All posts filed under: mezes

Fried Zucchini Chips

One of the easiest ways to use up zucchini is to slice and fry, plus it’s a tasty way to get your servings of vegetables in for the day. Kolokithakia tiganita (fried zucchini) is a delicious appetizer that’s coated in a spiced beer batter and deep fried to a golden crisp. The trick to these is to make sure the zucchini is thinly sliced, dried well, and dipped lightly in the batter. The result is a crisp treat that is a guaranteed crowd pleaser. My little brother gave them high praise by saying they are “the bomb dot com.” Try them and see for yourself. And when you do, be warned that they will certainly disappear from the table in no time. Serve with skordalia (garlic sauce) or the light yogurt sauce I paired with this dish. Save Print Fried Zucchini Chips Recipe type: Meze/Vegetarian   Fried zucchini chips Ingredients 3 medium zucchini 1 ½ cups all-purpose flour Pinch of salt and pepper 1 teaspoon paprika 1 teaspoon baking powder 8 ounces of your beer of …

Talking Greek Food and Festival on KUTV

I am excited to share I was asked to talk about the upcoming Salt Lake City Greek Festival on KUTV2 while cooking one of my favorite Greek dishes, Bouyiordi. I was interviewed by KUTV’s Fresh Living Hosts, and later cooked alongside Chef Bryan Woolley, an American celebrity chef. Find more of his wonderful recipes at: http://cookingwithchefbryan.com/ Find the video of us cooking here: https://kutv.com/features/food/recipes/cooking-with-chef-bryan-bouyiourdi-spiced-baked-feta For those in Utah, stop by the Greek Festival happening Sept. 7-9. Info here: http://saltlakegreekfestival.com/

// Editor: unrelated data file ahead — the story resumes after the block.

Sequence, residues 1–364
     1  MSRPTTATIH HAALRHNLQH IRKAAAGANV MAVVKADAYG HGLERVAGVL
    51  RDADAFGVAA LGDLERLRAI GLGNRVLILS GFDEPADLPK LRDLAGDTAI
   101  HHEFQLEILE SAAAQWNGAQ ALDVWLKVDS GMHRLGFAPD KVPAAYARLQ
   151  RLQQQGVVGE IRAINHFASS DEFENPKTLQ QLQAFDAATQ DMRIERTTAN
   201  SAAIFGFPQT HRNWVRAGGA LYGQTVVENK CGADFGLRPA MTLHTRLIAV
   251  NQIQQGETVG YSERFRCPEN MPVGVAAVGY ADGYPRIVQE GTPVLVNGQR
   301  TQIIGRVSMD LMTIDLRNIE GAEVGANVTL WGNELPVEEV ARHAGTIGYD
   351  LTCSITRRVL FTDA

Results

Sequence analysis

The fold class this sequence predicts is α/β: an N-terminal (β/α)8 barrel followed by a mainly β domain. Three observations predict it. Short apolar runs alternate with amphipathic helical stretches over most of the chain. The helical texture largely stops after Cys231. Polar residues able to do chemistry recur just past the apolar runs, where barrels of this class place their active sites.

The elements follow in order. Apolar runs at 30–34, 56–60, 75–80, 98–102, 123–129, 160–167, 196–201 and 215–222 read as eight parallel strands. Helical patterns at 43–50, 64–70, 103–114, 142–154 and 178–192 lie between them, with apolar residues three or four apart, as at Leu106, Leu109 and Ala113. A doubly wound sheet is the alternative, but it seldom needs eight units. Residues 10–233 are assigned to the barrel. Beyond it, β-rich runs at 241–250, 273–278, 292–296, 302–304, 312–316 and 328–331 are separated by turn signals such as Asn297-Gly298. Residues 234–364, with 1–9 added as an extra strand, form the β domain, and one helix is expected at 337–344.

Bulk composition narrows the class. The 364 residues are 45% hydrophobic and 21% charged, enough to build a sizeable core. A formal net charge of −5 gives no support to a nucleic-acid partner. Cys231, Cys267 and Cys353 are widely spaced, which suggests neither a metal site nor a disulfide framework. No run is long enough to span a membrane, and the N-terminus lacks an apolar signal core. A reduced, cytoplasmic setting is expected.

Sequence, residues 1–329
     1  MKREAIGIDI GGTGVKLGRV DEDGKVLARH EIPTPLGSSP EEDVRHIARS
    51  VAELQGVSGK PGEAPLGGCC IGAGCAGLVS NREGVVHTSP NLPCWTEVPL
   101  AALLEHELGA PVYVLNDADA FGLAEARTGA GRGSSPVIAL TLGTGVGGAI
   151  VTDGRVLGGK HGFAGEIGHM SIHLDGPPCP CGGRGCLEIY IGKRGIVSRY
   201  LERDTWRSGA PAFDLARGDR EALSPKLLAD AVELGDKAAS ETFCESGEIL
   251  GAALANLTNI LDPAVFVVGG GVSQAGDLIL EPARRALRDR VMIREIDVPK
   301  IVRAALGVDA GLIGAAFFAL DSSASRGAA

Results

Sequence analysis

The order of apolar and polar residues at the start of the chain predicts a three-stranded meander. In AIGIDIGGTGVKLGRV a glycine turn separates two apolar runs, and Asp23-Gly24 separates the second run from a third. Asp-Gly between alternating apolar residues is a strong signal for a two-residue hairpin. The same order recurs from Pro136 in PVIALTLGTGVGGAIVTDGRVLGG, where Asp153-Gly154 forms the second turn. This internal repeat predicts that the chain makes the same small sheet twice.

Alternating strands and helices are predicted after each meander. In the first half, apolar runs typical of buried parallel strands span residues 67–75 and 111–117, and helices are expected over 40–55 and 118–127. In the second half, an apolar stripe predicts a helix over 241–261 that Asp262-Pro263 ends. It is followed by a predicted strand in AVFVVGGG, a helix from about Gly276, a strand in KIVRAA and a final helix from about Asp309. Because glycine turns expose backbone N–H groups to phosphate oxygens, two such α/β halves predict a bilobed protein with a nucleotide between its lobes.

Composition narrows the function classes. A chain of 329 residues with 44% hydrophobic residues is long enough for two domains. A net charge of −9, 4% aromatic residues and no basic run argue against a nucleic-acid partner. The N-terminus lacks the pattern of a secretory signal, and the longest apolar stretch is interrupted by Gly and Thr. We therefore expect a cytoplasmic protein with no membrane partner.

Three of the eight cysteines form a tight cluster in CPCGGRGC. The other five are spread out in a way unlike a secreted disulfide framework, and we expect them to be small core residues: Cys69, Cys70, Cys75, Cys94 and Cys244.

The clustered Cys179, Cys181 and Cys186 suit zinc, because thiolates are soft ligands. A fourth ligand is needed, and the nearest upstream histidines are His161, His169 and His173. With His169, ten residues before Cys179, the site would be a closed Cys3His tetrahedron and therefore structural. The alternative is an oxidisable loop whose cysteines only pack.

Maroulosalata (romaine lettuce salad)

Say maroulosalata out loud ten times fast and you’re sure to chuckle to yourself into a wide smile as you stumble on the word begging to come out of your mouth. If you can’t get past the pronunciation, dig into the salad itself and let your taste buds do the talking. Maroulosalata is comprised of marouli (lettuce), green onions, and dill. Traditional maroulosalata calls for Romaine lettuce, but you are welcome to use any other curly lettuce. Using fresh dill adds zest to every bite and marries perfectly to the classic olive oil and vinegar dressing that’s drizzled throughout. It’s a light and easy to make salad that’s served year-round but is more common in the warmth of spring and summer months. Maroulosalata pairs well with halibut or any other fish seasoned with dill, or can be served as a main or side salad alongside other vegetable dishes. Save Print Maroulosalata (romaine lettuce salad) Recipe type: Salad/Meze   Ingredients 1 head of romaine lettuce, shredded or cut in ¼ inch ribbons 2 bunches of green onions, …